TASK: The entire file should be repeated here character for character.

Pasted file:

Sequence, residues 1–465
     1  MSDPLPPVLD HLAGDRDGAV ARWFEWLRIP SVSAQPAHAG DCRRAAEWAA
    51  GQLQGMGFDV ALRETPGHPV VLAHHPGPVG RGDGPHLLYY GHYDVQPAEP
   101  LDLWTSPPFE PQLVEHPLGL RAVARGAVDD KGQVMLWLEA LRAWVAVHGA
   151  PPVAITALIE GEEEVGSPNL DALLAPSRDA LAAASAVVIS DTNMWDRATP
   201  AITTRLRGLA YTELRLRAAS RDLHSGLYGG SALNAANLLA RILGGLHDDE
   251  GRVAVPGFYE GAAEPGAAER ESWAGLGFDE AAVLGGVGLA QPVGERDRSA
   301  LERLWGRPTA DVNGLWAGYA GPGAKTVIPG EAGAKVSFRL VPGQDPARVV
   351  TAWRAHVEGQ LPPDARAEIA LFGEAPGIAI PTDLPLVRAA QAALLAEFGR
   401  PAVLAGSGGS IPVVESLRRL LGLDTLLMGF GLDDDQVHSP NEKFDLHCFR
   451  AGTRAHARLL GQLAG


Sequence, residues 1–465
     1  MSDPLPPVLD HLAGDRDGAV ARWFEWLRIP SVSAQPAHAG DCRRAAEWAA
    51  GQLQGMGFDV ALRETPGHPV VLAHHPGPVG RGDGPHLLYY GHYDVQPAEP
   101  LDLWTSPPFE PQLVEHPLGL RAVARGAVDD KGQVMLWLEA LRAWVAVHGA
   151  PPVAITALIE GEEEVGSPNL DALLAPSRDA LAAASAVVIS DTNMWDRATP
   201  AITTRLRGLA YTELRLRAAS RDLHSGLYGG SALNAANLLA RILGGLHDDE
   251  GRVAVPGFYE GAAEPGAAER ESWAGLGFDE AAVLGGVGLA QPVGERDRSA
   301  LERLWGRPTA DVNGLWAGYA GPGAKTVIPG EAGAKVSFRL VPGQDPARVV
   351  TAWRAHVEGQ LPPDARAEIA LFGEAPGIAI PTDLPLVRAA QAALLAEFGR
   401  PAVLAGSGGS IPVVESLRRL LGLDTLLMGF GLDDDQVHSP NEKFDLHCFR
   451  AGTRAHARLL GQLAG